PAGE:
Emergency program proposed to add armed officers to TN schools

MEMPHIS, TN (WMC) - Tennessee lawmakers announced a plan Wednesday that they say will protect students and teachers.

Rep. Antonio Parkinson (D-Memphis) said the School Safety Act of 2018 is a bipartisan piece of legislation that stands above politics with the goal to protect students.

The bill would place trained, armed officers in schools.

It provides money for every public school in Tennessee to add up to two armed officers to its security force.

"[This act] is doing something, putting action behind our influence behind our power here at the state, and actually doing something to protect our babies," Parkinson said.

The program is optional, but if schools opt into it, they will get access to a list of local active duty officers who can participate. That list of officers will be developed by local law enforcement agencies.

The officers will be required to carry a loaded handgun while patrolling the school.

The program pays each volunteering officer $50 per school day (and $50 for any school sponsored after school event). The program will also pay $4 per day for administrative costs.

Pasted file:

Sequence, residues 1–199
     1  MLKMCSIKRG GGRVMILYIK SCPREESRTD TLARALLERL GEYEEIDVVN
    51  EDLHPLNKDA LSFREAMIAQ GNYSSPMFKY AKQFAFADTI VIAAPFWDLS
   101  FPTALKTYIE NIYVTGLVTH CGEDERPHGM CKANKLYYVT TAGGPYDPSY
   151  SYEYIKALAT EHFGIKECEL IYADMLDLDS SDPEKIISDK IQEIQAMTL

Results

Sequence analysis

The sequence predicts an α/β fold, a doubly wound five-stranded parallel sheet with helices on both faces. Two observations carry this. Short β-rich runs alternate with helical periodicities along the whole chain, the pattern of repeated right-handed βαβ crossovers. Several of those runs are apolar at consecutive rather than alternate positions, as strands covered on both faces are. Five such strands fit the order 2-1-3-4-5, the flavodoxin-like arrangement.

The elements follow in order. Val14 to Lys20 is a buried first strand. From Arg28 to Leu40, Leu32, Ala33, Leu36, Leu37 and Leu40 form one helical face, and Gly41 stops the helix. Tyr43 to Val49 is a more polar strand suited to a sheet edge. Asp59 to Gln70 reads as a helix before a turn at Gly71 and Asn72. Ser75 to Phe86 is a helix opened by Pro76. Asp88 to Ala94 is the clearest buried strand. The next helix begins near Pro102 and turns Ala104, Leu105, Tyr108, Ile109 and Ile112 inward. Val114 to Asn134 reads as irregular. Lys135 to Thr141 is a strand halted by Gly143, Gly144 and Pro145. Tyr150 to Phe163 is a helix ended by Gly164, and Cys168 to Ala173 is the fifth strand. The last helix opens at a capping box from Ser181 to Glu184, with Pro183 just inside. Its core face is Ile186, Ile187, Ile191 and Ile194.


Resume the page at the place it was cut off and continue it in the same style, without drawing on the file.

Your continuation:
If every public school in Tennessee opts into the program, it will cost the state $39 million. The sponsors of the bill said they expected around 25 percent of public schools to opt into the program. That would cost the state around $9 million.

The money to pay for this program will initially come from the Civil Asset Forfeiture Fund--that is a fund that is built from money and valuables seized from people suspected in crimes.

"The Civil Asset Forfeiture Funds are funds that have already been taken away from Tennesseans once. I think this a good way to give it back to Tennesseans," Rep. James Van Huss (R-Jonesborough) said.

If the money from the Civil Asset Forfeiture Fund runs out, the program would take money from the state's Rainy Day Fund.

The proposed program has a 4-year sunset provision. That is because sponsors of the bill said it is designed as an immediate, emergency stopgap provision. They said in four years they hope the state and the country will come up with a more permanent solution.

Supporters of the bill said it will immediately make schools safer.

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